hide Matching Documents

The documents where this entity occurs most often are shown below. Click on a document to open it.

Document Max. Freq Min. Freq
Harper's Encyclopedia of United States History (ed. Benson Lossing) 255 53 Browse Search
George P. Rowell and Company's American Newspaper Directory, containing accurate lists of all the newspapers and periodicals published in the United States and territories, and the dominion of Canada, and British Colonies of North America., together with a description of the towns and cities in which they are published. (ed. George P. Rowell and company) 178 2 Browse Search
Frederick H. Dyer, Compendium of the War of the Rebellion: Regimental Histories 96 96 Browse Search
Rebellion Record: a Diary of American Events, Diary from December 17, 1860 - April 30, 1864 (ed. Frank Moore) 81 27 Browse Search
Benson J. Lossing, Pictorial Field Book of the Civil War. Volume 2. 66 0 Browse Search
Rebellion Record: a Diary of American Events: Documents and Narratives, Volume 5. (ed. Frank Moore) 60 0 Browse Search
William Tecumseh Sherman, Memoirs of General William T. Sherman . 47 3 Browse Search
The Annals of the Civil War Written by Leading Participants North and South (ed. Alexander Kelly McClure) 44 0 Browse Search
Robert Underwood Johnson, Clarence Clough Buell, Battles and Leaders of the Civil War. Volume 3. 36 0 Browse Search
Robert Underwood Johnson, Clarence Clough Buell, Battles and Leaders of the Civil War: The Opening Battles. Volume 1. 34 0 Browse Search
View all matching documents...

Browsing named entities in John Beatty, The Citizen-Soldier; or, Memoirs of a Volunteer. You can also browse the collection for Cincinnati (Ohio, United States) or search for Cincinnati (Ohio, United States) in all documents.

Your search returned 4 results in 3 document sections:

e complains bitterly because the company officers do not remain in camp, and yet fails to set them a good example in this regard. We have succeeded poorly in holding our men. Quite a number dodged off while the boat was lying at the landing in Cincinnati, and still more managed to get through the guard lines and have gone to Louisville. The invincible Corporal Casey has not yet put in an appearance. The boys of the Sixth Ohio are exceedingly jubilant; the entire regiment has been allowed a furlough for six days. This was done to satisfy the men, who had become mutinous because they were not permitted to stop at Cincinnati on their way hither. December, 4 Rode to Louisville this afternoon; in tile evening attended the theatre, and saw the notorious Adah Isaacs Menken Heenan. The house was packed with soldiers, mostly of the Sixth Ohio. It seemed probable at one time that there would be a general free fight; but the brawlers were finally quieted and the play went on. One o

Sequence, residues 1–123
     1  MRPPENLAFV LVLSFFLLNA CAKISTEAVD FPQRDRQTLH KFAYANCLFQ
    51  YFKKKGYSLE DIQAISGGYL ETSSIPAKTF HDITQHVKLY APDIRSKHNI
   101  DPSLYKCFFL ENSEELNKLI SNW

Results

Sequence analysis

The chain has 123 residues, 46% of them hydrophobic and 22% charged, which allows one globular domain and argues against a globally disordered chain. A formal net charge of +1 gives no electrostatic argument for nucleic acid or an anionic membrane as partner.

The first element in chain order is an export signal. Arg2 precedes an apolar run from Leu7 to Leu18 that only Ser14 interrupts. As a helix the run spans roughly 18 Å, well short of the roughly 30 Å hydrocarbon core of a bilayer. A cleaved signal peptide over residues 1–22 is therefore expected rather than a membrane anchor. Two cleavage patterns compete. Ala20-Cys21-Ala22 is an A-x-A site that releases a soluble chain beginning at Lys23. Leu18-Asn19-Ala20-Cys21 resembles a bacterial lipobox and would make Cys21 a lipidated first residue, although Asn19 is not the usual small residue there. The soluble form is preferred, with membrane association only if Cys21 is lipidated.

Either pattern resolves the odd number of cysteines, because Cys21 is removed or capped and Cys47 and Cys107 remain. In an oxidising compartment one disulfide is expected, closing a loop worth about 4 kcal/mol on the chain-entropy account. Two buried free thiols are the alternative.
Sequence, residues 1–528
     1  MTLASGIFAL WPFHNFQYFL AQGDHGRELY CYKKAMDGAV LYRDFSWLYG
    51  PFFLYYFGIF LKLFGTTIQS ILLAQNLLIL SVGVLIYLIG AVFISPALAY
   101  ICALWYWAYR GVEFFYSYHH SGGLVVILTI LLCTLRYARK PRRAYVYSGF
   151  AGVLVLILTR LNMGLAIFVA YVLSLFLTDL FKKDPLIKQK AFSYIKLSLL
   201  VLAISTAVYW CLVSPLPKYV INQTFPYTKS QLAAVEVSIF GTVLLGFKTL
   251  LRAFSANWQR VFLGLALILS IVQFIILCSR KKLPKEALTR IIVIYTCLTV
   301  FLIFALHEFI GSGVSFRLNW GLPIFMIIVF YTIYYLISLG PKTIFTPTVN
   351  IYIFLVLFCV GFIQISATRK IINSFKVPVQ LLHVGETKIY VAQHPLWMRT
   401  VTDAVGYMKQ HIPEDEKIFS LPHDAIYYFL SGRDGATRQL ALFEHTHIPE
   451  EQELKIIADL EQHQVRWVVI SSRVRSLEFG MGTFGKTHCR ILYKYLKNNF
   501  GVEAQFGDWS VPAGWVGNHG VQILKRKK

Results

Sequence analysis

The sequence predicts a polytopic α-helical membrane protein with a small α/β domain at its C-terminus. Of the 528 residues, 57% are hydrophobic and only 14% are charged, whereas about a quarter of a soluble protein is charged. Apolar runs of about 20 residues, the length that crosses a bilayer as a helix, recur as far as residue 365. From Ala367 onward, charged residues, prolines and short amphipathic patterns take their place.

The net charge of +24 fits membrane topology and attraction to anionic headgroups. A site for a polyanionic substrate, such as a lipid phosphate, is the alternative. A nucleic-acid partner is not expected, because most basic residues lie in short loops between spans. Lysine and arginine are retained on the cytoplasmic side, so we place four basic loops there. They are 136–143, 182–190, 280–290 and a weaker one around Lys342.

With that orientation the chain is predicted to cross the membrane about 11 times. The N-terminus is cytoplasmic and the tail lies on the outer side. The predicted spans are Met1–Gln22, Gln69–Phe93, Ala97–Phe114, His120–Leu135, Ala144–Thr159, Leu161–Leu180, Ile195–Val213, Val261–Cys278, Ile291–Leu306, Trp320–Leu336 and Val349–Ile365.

chell returned from Nashville on a hand-car. March, 30 This is a pleasant Sunday. The sun shines, the birds sing, and the air stirs pleasantly. The colored people of Murfreesboro pour out in great numbers on Sunday evenings to witness dress parade, some of them in excellent holiday attire. The women sport flounces and the men canes. Many are nearly white, and all slaves. Murfreesboro is an aristocratic town. Many of the citizens have as fine carriages as are to be seen in Cincinnati or Washington. On pleasant week-day evenings they sometimes come out to witness the parades. The ladies, so far as I can judge by a glimpse through a carriage window, are richly and elegantly dressed. The poor whites are as poor as rot, and the rich are very rich. There is no substantial well-to-do middle class. The slaves are, in fact, the middle class here. They are not considered so good, of course, as their masters, but a great deal better than the white trash. One enthusiast
him starve. The General appears to be well pleased with his fortifications, and asked me if I did not think it looked like remaining. I replied that the works were strong, and a small force could hold them, and that I should be well pleased if the enemy would attack us here, instead of compelling us to go further south. Yes, said he, I wish they would. General Lytle is to be assigned to Stanley Matthews' brigade. The latter was recently elected judge, and will resign and return to Cincinnati. The anti-Copperhead resolution business of the army must be pretty well exhausted. All the resolutions and letters on this subject that may appear hereafter may be accepted as bids for office. They havehowever, done a great deal of good, and I trust the public will not be forced to swallow an overdose. I had a faint inclination, at one time, to follow the example of my brother officers, and write a patriotic letter, but concluded to reserve my fire, and have had reason to congratu